March 11, 2016Filed Under: Neck and Back Injuries

What happens to claims of psychological trauma?

What happens to claims of psychological trauma?

It’s a known fact that horrific accidents can result not just in physical disabilities, but psychological and emotional traumas as well.

Many of those who are otherwise physically recovered from their injuries still struggle with post traumatic stress disorder. Depression and anxiety are also common and may linger for months or even years after the actual traumatic event. If the cause of their injuries was a wreck, they may become phobic about driving or even just riding in an automobile.

When undiagnosed or untreated pre-existing conditions like bipolar disorder are present, it can complicate matters. A small percentage of patients may even be malingering in order to increase the potential for financial gain.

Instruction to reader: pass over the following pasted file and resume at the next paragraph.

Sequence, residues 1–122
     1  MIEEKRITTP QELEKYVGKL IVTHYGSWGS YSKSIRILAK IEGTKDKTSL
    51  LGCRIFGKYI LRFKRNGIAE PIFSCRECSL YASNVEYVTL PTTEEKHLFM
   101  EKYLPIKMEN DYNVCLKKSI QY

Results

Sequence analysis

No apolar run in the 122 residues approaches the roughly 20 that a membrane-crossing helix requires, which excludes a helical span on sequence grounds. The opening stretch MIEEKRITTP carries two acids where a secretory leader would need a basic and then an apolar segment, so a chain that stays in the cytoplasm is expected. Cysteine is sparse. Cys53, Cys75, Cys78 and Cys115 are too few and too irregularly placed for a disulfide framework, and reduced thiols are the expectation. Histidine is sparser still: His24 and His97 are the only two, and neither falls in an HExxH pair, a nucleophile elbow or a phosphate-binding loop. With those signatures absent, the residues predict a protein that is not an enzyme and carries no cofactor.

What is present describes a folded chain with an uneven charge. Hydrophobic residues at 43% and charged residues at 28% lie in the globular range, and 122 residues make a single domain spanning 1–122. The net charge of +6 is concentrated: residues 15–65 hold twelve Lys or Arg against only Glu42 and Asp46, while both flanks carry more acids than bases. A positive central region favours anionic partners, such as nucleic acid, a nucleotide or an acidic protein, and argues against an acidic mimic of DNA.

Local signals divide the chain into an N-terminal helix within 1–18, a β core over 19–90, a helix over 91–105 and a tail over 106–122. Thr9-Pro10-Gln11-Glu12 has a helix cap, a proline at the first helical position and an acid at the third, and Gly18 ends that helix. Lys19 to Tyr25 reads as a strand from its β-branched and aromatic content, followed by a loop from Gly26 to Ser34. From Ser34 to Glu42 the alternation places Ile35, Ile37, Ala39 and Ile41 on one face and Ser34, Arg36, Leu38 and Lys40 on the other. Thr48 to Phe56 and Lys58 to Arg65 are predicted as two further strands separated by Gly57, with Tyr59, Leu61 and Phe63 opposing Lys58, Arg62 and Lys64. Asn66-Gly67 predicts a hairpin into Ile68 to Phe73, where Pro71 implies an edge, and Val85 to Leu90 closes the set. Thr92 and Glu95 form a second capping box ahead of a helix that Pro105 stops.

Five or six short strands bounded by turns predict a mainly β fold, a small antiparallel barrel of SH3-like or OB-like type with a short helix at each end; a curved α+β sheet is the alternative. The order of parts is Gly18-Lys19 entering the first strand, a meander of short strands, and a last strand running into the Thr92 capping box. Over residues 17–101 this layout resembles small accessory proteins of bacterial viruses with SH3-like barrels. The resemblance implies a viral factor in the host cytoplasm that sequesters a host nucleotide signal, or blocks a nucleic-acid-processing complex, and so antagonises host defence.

Malingerers are the exception to the rule, and psychologists are able to use screening and diagnostic tests to identify these behaviors. The vast majority of accident victims with psychological trauma suffer greatly and will go to great lengths seeking treatment that will heal them.

Since psychological and emotional traumas are such devastating components of many accidents, it is important to fully address them in any claims or litigation over damages. But to do that, there has to be a record of the psychological injuries, a correlation to the accident and a detailed record of the diagnosis, treatment and prognosis of the patient.

Therapy can be expensive, especially if it is prolonged when the patient has difficulty resolving any lingering phobias or traumatic fears. By including all records related to the treatment in any claims for damages, the injured party stands a chance of recouping financial losses related to the psychological trauma of the accident.

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